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Green growth and the value of ecosystems

Rational use of water resources and protection of the ecosystem services provided to humans by aquatic environments is an important issue given population growth, exploding cities and the resulting demand for water. Green growth and acknowledgement of the value of ecosystem services are a major priority of the World water forum. Onema has worked extensively during the preparatory phase of the forum on two specific targets for this priority, i.e. economic instruments for better management of water resources and integration of the value of water and ecosystem services in development projects.

Green growth must encourage economic development while protecting natural resources and avoiding environmental damage. The goal is to stimulate public and private investment in innovative technologies that will promote sustainable development and to set up the economic and management tools capable of protecting and restoring aquatic ecosystems.

Determining the value of services rendered by ecosystems is essential to preserving them. Evaluation results, similar to those for the impact of economic activity on aquatic ecosystems, must be included in all development and land-use projects. Standard evaluation techniques exist and must be more extensively used by water stakeholders.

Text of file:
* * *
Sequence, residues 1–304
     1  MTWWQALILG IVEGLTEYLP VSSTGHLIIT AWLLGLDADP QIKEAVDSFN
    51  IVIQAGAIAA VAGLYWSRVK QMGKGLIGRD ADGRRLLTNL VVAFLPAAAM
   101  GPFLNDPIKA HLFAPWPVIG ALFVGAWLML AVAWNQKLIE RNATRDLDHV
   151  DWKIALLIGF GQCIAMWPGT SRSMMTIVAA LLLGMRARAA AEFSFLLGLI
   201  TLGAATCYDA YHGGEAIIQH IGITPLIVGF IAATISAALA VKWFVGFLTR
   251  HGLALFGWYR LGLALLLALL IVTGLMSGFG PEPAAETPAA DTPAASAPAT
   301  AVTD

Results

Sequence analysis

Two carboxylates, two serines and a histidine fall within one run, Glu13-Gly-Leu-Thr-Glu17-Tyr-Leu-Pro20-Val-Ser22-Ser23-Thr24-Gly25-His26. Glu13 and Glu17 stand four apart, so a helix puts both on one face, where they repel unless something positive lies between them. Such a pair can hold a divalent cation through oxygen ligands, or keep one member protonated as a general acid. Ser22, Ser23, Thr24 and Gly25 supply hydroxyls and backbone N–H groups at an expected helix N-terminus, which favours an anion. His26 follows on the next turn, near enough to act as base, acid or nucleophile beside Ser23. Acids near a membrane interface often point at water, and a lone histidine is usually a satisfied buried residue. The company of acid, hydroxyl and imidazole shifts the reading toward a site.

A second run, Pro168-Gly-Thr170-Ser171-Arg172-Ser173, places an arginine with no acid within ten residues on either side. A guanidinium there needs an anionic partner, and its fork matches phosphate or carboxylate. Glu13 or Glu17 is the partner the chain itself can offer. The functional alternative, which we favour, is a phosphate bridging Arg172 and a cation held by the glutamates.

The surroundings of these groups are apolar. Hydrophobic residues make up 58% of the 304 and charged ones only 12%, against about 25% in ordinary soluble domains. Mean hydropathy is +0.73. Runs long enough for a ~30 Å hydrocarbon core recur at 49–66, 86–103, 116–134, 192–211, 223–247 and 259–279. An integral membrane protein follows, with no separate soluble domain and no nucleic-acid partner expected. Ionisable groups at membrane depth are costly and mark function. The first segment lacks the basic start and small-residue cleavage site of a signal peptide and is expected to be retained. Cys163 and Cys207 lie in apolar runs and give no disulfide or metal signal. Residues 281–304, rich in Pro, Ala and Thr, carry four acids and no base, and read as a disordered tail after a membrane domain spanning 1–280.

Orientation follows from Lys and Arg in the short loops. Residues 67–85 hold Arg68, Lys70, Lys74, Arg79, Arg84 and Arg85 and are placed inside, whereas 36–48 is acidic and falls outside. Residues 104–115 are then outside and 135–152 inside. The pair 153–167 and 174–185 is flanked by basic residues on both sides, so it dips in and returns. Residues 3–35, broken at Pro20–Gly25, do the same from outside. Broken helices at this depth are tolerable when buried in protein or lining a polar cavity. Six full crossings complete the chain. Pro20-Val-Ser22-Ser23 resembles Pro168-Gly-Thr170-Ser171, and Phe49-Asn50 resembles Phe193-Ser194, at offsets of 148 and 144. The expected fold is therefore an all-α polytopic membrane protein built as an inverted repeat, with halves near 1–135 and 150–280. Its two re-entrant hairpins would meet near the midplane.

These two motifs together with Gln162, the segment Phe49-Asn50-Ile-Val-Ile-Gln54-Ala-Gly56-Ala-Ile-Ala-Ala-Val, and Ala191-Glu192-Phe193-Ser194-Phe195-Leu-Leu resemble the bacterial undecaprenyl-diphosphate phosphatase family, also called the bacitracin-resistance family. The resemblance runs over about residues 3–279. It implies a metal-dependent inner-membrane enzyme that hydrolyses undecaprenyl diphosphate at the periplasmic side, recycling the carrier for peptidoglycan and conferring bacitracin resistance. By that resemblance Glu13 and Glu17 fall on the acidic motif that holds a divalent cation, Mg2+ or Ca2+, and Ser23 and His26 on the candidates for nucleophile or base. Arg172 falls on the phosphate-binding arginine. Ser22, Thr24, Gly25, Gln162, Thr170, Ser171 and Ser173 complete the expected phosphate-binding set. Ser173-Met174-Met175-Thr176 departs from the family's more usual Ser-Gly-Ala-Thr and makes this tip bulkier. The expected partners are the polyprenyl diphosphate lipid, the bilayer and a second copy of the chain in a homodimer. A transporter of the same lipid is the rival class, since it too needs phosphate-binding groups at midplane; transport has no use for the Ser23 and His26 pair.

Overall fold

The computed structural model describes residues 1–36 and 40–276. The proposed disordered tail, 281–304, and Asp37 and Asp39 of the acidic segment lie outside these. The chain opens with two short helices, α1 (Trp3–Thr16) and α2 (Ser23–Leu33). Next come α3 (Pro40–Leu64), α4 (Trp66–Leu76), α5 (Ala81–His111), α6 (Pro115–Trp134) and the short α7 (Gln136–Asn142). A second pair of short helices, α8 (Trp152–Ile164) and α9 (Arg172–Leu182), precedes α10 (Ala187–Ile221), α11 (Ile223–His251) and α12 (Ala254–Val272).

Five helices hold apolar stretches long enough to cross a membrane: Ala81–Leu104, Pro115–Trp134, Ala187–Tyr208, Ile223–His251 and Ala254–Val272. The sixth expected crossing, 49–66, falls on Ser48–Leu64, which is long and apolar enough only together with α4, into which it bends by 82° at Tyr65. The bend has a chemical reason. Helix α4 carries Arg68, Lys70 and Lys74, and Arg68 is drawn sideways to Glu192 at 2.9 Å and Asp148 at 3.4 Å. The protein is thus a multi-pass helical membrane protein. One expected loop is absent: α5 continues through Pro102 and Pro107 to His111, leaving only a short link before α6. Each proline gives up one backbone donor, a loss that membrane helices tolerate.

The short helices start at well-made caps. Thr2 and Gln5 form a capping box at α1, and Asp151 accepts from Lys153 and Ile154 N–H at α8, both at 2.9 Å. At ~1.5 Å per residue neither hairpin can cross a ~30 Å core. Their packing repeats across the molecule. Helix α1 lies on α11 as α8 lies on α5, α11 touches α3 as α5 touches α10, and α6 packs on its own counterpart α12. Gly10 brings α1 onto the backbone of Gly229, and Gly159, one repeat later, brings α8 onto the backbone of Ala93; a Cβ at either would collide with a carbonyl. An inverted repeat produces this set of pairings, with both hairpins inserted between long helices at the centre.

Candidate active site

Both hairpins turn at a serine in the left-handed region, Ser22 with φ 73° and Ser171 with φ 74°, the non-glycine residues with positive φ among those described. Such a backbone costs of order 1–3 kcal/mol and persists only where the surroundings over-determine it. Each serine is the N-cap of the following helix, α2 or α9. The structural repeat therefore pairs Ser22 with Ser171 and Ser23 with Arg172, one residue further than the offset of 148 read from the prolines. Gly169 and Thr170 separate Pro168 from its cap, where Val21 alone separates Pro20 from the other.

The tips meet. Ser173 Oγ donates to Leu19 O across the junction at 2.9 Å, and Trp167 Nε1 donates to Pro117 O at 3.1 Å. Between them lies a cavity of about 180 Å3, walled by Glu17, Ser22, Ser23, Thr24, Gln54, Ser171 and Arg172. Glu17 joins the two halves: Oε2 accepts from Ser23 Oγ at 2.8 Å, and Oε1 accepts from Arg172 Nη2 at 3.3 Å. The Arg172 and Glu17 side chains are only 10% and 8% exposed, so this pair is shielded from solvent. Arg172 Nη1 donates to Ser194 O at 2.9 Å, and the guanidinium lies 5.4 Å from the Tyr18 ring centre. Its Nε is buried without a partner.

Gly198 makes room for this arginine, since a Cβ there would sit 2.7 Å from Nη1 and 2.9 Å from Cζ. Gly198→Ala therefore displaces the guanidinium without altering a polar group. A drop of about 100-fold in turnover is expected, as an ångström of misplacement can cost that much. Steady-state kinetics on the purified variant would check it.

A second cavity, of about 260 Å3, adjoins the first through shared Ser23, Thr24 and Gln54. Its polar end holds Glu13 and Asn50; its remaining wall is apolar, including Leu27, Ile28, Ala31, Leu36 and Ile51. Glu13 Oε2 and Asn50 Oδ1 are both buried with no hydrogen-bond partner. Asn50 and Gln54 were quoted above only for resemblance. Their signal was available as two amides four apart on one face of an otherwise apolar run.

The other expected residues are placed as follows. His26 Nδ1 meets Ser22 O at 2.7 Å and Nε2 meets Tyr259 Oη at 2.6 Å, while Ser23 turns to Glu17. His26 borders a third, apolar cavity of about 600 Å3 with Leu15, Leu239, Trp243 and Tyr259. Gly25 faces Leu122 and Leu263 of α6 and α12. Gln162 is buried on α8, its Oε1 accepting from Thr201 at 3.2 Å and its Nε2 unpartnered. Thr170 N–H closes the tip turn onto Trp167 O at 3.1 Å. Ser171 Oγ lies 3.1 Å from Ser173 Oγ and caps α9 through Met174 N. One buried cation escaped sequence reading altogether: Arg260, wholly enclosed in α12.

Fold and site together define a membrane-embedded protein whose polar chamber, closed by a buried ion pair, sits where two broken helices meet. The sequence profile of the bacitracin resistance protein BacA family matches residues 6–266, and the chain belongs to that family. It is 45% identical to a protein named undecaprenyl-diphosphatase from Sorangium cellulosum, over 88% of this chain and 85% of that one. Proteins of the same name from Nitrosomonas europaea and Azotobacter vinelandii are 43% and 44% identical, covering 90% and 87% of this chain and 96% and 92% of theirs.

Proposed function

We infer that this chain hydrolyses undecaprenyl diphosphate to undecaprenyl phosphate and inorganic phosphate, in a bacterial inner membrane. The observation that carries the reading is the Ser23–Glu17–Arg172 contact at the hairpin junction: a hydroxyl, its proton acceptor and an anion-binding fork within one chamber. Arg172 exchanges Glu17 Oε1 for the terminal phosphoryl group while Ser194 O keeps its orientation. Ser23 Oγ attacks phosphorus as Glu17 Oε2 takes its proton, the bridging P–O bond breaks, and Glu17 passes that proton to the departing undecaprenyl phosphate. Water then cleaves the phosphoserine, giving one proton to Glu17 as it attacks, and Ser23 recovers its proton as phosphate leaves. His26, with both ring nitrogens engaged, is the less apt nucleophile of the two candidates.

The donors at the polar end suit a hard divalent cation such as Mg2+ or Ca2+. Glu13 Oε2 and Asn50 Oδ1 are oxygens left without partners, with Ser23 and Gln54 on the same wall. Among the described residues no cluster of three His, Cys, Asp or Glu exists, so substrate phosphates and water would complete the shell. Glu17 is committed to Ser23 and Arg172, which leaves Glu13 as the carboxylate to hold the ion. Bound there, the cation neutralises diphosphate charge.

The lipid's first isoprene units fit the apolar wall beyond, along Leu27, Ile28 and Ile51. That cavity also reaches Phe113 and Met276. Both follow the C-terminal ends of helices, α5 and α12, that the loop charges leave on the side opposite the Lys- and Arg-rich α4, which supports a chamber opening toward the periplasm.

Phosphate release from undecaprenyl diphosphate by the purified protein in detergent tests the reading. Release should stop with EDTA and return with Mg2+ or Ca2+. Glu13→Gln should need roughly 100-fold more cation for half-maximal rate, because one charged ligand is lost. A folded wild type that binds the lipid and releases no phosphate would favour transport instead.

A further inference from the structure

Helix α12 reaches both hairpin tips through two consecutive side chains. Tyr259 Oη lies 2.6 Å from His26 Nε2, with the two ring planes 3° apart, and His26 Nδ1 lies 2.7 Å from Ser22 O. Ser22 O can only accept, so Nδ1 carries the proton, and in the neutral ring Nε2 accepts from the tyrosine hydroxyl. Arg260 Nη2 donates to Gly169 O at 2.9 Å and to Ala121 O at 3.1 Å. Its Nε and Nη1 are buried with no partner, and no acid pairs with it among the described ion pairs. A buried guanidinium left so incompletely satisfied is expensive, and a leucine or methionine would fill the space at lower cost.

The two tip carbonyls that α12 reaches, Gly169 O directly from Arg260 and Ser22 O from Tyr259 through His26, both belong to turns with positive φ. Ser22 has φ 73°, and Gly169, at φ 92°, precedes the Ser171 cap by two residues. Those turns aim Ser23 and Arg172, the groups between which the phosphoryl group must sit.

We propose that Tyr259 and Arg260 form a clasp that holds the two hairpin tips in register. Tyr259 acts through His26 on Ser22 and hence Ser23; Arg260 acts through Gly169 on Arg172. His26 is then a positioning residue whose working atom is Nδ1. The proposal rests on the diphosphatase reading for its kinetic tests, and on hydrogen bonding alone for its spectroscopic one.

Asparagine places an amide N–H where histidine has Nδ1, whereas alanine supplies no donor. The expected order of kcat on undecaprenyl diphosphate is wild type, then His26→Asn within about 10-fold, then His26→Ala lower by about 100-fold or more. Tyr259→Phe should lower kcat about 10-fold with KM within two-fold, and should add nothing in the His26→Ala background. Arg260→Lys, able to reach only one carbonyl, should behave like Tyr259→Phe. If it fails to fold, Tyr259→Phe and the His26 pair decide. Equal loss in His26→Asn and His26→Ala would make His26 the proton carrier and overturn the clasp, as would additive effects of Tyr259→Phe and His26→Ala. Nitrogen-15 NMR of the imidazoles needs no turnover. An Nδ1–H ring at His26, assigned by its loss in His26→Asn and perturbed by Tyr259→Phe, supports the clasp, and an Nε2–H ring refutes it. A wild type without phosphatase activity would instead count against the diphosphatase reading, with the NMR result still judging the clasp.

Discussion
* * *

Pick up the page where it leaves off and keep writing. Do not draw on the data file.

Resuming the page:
A further objective of the 6th World water forum is to encourage countries to use economic methods in managing water resources. Such tools can help in efficiently managing and equitably distributing the available water resources, reducing demand for water and providing financial income to cover the costs of water services and to restore aquatic ecosystems. A wide array of economic tools exists, including water prices, water funds, payment for ecosystem services, water rights, markets for water rights, etc. However, their effectiveness depends heavily on how they are implemented. Above all, it is important to raise awareness of public decision-makers by informing them on the ecosystem services provided by aquatic environments.

The international group that worked on these issues during the preparation of the forum proposes case studies that serve to explain how these innovative economic instruments operate. Examples are the water funds, public/private funding tools used to protect water resources in Latin America and the Caribbean, and subsidies in Central Asia to improve grazing practices and forest management. The group recommends disseminating the best practices with information on the best implementation techniques. The action plan will draw from the results of the European research programme (EPI water) to analyse implementation of these instruments via 30 case studies from around the world.

The work in this field also drew from the research results published by the Onema scientific council in the document titled "Evaluating the ecosystem services of aquatic environments" and from discussions during the symposium "Economic instruments in the management of water resources in Europe", organised by Onema.

Contact: sarah.hernandez@onema.fr

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